4 Signs of Insecure Love

Feeling unseen and in limbo.

Posted Jul 23, 2018

NotarYES/Shutterstock
Source: NotarYES/Shutterstock

Recognize that you may suffer from a pattern of insecure attachment if you are repeatedly playing out the same distressing relationship dynamic. This may occur when a person wasn’t loved properly in childhood, but can also occur from an accumulation of traumatizing relationships in adulthood. Here are four signs that you are insecure in love — and what to do if you are.

1. You can’t self-soothe. Do you find that when your partner is out of contact, or you aren’t aware of his/her whereabouts, you become anxious? Your mind races, wondering where your partner is, and you play out various negative stories in your mind. You worry they have lost interest in you or are with someone they find more desirable. You text, call, and attempt to make contact with too much urgency. Does this sound familiar? If it does, you need to be able to open a self-soothing toolkit when you become upset due to something real or imagined having to do with your partner. Consider taking 10 minutes out of your day to practice mindfulness so as to become more aware and reflective of what is going on for you in difficult moments. And, too, build strategies to take care of yourself and make yourself feel better (examples include journaling about your upset feelings, reading self-help books, and completing exercises on self-nurturing, physical exercise, and seeking social support).

2. You repeatedly break up and make up. Do you find you adore your partner one moment, and the next moment feels as if the bottom is falling out of the relationship? If you are only riding the highs, but not doing any substantive work on the relationship, then the lows will be exceedingly low. Breaking up and then making up doesn’t really solve the dysfunction in your union. It merely temporarily relieves your anxiety over the possibility of losing someone you love. However, communicating and being honest and open about the issues in the relationship — when you are both in a safe and calm state of mind — can make all of the difference.

3. You feel unseen. Does some part of you feel unknown and unseen by your partner? Perhaps you have fun together, and they seem interested in you, but it’s not in a connecting and curious way. They don’t like for you to be upset or withdrawn, but they don’t take the time to really understand you. Deep down, you’d like someone to ask questions and take a genuine interest, but this never seems to happen in your relationships. Consider putting more work into being yourself with your partner, good and bad. Talk about your needs, emotions, and the more difficult things you deal with. If they shut you down, ignore, or minimize you, then this might not be a healthy attachment for you.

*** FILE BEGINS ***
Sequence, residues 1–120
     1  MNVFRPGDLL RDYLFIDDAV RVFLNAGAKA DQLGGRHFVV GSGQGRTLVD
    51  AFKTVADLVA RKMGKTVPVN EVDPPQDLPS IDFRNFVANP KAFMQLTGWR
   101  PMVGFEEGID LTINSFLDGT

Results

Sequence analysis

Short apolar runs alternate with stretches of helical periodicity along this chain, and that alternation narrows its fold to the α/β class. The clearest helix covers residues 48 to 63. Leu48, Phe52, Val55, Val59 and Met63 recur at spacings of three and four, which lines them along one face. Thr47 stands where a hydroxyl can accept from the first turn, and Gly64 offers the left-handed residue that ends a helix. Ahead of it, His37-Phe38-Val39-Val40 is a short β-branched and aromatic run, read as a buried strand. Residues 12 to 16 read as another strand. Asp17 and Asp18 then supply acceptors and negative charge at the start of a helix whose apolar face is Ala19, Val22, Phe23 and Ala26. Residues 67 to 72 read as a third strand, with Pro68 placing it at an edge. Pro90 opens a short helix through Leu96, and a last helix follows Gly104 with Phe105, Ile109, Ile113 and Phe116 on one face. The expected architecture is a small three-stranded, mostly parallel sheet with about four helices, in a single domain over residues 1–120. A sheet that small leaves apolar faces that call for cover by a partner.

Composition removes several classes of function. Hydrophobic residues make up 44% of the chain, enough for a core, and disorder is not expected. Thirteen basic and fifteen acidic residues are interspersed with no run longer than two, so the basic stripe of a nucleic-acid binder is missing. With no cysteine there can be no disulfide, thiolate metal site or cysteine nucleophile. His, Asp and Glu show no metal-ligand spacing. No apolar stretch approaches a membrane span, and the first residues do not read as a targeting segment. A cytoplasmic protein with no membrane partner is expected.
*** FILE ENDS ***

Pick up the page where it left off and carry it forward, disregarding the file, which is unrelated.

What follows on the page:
4. You feel as if life is in constant limbo. Do you desire long-term plans, a commitment, or greater stability with your partner? When a person is insecure in love, they often pick partners who keep them feeling insecure. So instead of definite plans (“I’ll pick you up at 7:00 tomorrow night”), you get: “I am not sure of my plans; let’s see how things go.” This lack of assurance leaves you spinning. You wonder what’s going to happen in the relationship, if this person is definitely into you or not. Consider if you have picked someone who lacks the capacity to really commit in a way that makes you feel safe and secure. Remind yourself it is a perfectly natural human need to want to know where you are headed and what to expect going forward.  

In my book, Toxic Love, I offer specific strategies around breaking dysfunctional love patterns.